As Knuth put it: premature optimization is the root of all evil...

    ReplyDelete
    Replies
    1. Not to mention that using linkedlists in context of optimization is a bit ironic :D. If your interviewer asks you for optimizations, tell him not to use linkedlists and he will be pleasently surprised, especially if you can also explain the: Why?!

      Delete
    2. Damn, why can't you edit comments here :D... I actually looked at your code. It sounded much more obscure in the description so in this instance, you may have one advantage of writing it like this and that is for low "K" your CPU cache will still have the delayed list entries of the second pointer in the cache and thus your argument of "doing all at once" might actually fly, but not with your explanation and also only for small "K".

      Delete
  3. Like someone said above, this method basically implements traversing twice and only gives the illusion of one traversal; except in the case of a small value of K. My advice would be to tell the interviewer that if such a requirement is known beforehand, we can create an additional head node which will store the number of nodes in the list. When a new node is added, we can simply incement this count. That way we need to traverse the list only once and the problem is solved while designing the list itself.

    ReplyDelete
  4. In some languages you can get the size of the list I mean the number of nodes by simple statements using sizeof kind of functions. That would save one traversal.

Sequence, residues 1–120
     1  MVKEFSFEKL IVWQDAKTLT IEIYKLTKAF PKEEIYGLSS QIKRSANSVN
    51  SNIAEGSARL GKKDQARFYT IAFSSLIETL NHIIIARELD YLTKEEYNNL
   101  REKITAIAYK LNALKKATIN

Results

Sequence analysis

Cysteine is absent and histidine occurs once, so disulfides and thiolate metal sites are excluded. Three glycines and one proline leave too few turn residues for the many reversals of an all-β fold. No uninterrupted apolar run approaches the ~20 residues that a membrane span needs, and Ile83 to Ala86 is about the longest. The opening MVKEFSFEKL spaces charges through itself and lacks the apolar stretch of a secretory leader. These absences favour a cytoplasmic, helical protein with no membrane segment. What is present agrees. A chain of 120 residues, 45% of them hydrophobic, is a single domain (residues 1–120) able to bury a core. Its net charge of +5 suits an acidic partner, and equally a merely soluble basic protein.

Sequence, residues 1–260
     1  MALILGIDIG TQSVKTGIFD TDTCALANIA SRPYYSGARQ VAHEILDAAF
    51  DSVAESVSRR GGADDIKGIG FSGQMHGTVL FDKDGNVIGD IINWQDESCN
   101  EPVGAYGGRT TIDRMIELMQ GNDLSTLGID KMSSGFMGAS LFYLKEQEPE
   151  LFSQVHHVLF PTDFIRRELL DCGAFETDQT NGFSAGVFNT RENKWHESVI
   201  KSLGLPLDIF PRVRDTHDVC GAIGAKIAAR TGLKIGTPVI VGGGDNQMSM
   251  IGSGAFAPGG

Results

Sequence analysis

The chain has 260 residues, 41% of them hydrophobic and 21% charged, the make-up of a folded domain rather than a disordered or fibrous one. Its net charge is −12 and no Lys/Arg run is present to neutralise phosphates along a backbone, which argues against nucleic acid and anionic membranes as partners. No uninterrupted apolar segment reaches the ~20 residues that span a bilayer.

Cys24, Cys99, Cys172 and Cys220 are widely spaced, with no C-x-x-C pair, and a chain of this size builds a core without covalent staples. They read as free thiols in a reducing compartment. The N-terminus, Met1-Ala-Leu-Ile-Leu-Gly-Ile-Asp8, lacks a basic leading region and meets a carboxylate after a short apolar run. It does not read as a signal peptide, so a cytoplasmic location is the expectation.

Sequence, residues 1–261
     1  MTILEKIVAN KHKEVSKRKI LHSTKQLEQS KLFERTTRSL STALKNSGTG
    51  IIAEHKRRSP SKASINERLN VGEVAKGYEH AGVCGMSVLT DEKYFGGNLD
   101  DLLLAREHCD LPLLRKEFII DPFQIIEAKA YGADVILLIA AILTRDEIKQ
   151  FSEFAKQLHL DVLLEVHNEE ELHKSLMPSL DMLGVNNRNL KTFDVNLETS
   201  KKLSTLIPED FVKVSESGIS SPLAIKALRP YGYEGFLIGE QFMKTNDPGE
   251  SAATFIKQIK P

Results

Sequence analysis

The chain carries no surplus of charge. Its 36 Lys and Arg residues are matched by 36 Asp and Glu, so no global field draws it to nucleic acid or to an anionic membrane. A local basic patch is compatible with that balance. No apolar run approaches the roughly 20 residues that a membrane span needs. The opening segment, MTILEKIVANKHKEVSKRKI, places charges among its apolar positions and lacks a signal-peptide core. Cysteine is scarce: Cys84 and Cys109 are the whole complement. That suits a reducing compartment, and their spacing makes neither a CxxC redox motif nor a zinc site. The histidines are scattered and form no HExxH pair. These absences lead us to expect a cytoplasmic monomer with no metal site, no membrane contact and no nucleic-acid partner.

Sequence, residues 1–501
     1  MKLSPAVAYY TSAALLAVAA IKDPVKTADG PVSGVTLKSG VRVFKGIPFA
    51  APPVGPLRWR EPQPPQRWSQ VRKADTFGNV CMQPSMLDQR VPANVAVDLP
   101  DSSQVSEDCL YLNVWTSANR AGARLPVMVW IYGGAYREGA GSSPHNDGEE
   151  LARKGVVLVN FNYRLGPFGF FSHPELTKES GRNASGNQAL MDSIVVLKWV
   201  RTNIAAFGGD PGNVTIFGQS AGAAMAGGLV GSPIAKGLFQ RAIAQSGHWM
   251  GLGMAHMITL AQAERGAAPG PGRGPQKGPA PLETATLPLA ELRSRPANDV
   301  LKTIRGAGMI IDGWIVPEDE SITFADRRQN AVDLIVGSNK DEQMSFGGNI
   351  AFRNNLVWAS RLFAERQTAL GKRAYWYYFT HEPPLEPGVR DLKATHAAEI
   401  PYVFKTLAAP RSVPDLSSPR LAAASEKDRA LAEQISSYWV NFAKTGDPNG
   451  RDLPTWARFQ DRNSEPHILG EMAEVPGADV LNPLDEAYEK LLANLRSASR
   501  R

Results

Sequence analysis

It could be good idea to use the arrays as a temp storage for elements while first pass and then use the indexes for kth element.

    ReplyDelete
  5. In some languages you can get the size of the list I mean the number of nodes by simple statements using sizeof kind of functions. That would save one traversal.

    It could be good idea to use the arrays as a temp storage for elements while first pass and then use the indexes for kth element.

    ReplyDelete
  6. When we have 5 we can use (n-k+1)-1 right but still we have to traverse for size which makes it two computations unless we are using some language like Java as Asu commented.

    So now:

    if(n.size == even){
    return (n-k+1)-1;
    }else{
    return (n-k+1);
    }

    I know I added one more computation just to keep it more generic for all lists.

    ReplyDelete
  7. We can use only one loop to traverse the list and find the node.
    Means, We will iterate the loop i < k && list!= NULL and in that we will increment one ptr by 1 ans second ptr by 2. then we the get the kth node.

    ReplyDelete
  8. We can use only one loop to traverse the list and find the node.
    Means, We will iterate the loop i < k && list!= NULL and in that we will increment one ptr by 1 ans second ptr by 2. then we the get the kth node.

    ReplyDelete
  9. Ref. Kunal's suggestion - "We can use only one loop to traverse the list and find the node" is not a bad but unfortunately the fact (problem) remains !
    Please understand that this is just a mere aberration in some sense and does nothing in effect to get rid of second traversal since the second pointer is indispensable here too.
    But nevertheless, the simplest and yet elegant approach going with the original solution given by Harry is quite ornamental. The other solutions that suggest to maintain the addresses of individual nodes as we traverse along the first time and so on still steal away the coding elegance and not to mention the overheads to maintain in my opinion.

    ReplyDelete
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    ReplyDelete